Thomas J. LeBlanc was asked if he would divest securities of fossil fuel companies if a majority of students called for it. In response he said: “What if the majority of the students agreed to shoot all the Black people here? Do I say, ‘Ah, well the majority voted?’”

The Dwindling Number of Black Tenured and Tenure Track Faculty at Penn State

The Dwindling Number of Black Tenured and Tenure Track Faculty at Penn State

In 2004, there were 83 tenured or tenure-track Black faculty at Penn State. By 2018, the number dropped to 68. In 2004, tenured and tenure-track African American faculty comprised 76.1 percent of all Black professors, however by 2018 this proportion had decreased to 60.7 percent.

Condoleezza Rice Appointed Director of the Hoover Institution at Stanford University

Condoleezza Rice Appointed Director of the Hoover Institution at Stanford University

Professor Rice joined Stanford University in 1981, where she served as provost from 1993 to 1999. She was national security advisor to President George W. Bush before serving as U.S. Secretary of State from 2005 to 2009.

Report Finds That a Lack of Trust Impacts Retention Rates of Black Teachers

Report Finds That a Lack of Trust Impacts Retention Rates of Black Teachers

If only new teachers are considered, African American teachers with two years or less experience were 2.5 times as likely to leave Wisconsin public education as White teachers (27.9 percent compared to 11 percent).

The First African American Woman to Serve as Athletic Director in the Southeastern Conference

The First African American Woman to Serve as Athletic Director in the Southeastern Conference

Dr. Lee has been serving as associate vice chancellor and deputy athletic director. She has been the department’s senior woman administrator for the athletics program since 2004. Dr. Lee was a four-year varsity letter winner in basketball and holds three degrees from Vanderbilt University.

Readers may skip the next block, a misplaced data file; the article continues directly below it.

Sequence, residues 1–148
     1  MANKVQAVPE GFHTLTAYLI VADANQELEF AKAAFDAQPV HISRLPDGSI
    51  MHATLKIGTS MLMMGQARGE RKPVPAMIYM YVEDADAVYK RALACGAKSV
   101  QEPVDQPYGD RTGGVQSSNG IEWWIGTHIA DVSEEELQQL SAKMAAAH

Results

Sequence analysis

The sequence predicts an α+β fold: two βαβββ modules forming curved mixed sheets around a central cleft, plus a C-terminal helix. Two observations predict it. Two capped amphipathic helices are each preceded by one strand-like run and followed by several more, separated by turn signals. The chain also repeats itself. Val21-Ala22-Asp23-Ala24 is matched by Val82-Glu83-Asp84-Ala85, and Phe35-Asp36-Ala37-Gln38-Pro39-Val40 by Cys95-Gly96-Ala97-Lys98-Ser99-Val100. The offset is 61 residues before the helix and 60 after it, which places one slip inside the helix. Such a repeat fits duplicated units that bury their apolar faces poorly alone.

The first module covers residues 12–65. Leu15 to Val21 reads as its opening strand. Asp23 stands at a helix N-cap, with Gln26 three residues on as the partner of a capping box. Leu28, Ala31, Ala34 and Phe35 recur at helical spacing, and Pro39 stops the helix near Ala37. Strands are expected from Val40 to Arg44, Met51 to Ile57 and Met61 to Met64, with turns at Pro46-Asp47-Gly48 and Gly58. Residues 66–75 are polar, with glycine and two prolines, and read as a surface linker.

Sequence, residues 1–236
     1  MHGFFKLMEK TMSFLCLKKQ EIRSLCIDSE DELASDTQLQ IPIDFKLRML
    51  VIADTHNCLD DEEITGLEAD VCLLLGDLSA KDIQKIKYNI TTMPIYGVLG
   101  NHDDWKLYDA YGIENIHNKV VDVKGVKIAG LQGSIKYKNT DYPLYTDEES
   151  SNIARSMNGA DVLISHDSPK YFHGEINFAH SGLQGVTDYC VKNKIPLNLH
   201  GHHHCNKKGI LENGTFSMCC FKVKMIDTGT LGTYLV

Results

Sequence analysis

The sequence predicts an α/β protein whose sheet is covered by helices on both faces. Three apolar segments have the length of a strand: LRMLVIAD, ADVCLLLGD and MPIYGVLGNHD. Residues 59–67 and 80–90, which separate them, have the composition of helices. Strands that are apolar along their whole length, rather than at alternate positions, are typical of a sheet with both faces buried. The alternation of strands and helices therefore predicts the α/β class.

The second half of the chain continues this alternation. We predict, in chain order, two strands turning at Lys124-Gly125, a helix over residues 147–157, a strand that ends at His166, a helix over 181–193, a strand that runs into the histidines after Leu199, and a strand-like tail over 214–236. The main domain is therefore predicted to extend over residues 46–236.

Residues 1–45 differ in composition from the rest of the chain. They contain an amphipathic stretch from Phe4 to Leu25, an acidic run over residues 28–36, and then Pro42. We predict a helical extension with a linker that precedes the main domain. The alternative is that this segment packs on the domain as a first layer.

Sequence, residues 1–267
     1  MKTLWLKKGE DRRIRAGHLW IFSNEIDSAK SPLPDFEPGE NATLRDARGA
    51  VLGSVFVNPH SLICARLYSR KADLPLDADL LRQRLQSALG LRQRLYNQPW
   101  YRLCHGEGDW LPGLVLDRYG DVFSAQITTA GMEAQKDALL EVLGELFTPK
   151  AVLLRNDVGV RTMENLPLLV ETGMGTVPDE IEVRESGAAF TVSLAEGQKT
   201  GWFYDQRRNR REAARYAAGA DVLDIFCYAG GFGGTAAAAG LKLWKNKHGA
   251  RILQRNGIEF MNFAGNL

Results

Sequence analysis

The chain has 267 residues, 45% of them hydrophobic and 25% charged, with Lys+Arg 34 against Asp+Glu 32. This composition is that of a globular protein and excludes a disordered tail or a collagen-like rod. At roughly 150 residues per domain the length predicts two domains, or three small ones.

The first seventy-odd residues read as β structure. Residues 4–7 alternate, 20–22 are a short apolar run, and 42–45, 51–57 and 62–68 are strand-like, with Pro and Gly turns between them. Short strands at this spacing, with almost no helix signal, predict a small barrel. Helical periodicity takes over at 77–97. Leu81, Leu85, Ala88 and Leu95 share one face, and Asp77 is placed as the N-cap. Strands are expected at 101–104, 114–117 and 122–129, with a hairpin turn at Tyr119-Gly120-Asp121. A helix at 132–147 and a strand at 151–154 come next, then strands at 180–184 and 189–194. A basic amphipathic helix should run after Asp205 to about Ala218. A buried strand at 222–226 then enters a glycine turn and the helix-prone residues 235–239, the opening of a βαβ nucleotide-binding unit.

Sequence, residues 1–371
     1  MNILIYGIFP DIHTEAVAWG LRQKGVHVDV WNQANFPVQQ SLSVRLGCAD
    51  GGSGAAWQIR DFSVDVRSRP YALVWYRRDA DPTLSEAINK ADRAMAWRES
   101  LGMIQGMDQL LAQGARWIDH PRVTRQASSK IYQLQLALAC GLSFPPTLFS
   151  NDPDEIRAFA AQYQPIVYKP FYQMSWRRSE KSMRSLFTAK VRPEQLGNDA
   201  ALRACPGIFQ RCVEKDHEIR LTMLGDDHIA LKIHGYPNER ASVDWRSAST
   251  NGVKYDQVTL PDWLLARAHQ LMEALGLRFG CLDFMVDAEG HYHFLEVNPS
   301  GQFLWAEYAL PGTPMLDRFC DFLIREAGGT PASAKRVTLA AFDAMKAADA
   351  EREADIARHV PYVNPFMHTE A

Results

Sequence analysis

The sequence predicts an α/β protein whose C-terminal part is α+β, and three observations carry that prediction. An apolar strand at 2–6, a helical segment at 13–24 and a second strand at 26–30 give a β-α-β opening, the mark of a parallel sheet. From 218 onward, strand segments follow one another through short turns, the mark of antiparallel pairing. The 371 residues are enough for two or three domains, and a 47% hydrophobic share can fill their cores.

Study Finds Prosecutor Bias May Not Be a Major Factor in Criminal Justice Inequities

Study Finds Prosecutor Bias May Not Be a Major Factor in Criminal Justice Inequities

The study examined whether prosecutors charged a felony, whether they chose to fine the defendant or seek a prison sentence, and the proposed cost of the fine or length of the sentence. The results showed little or no differences between Black and White defendants.

Adrien Bennings Is the First African American President of Kellogg Community College

Adrien Bennings Is the First African American President of Kellogg Community College

Dr. Bennings previously was vice president for finance and administration at Clovis Community College in New Mexico. Before that, she was regional director of the Small Business Development Center at Texas Tech University where she advanced economic development initiatives in a 16-county area in northwest Texas.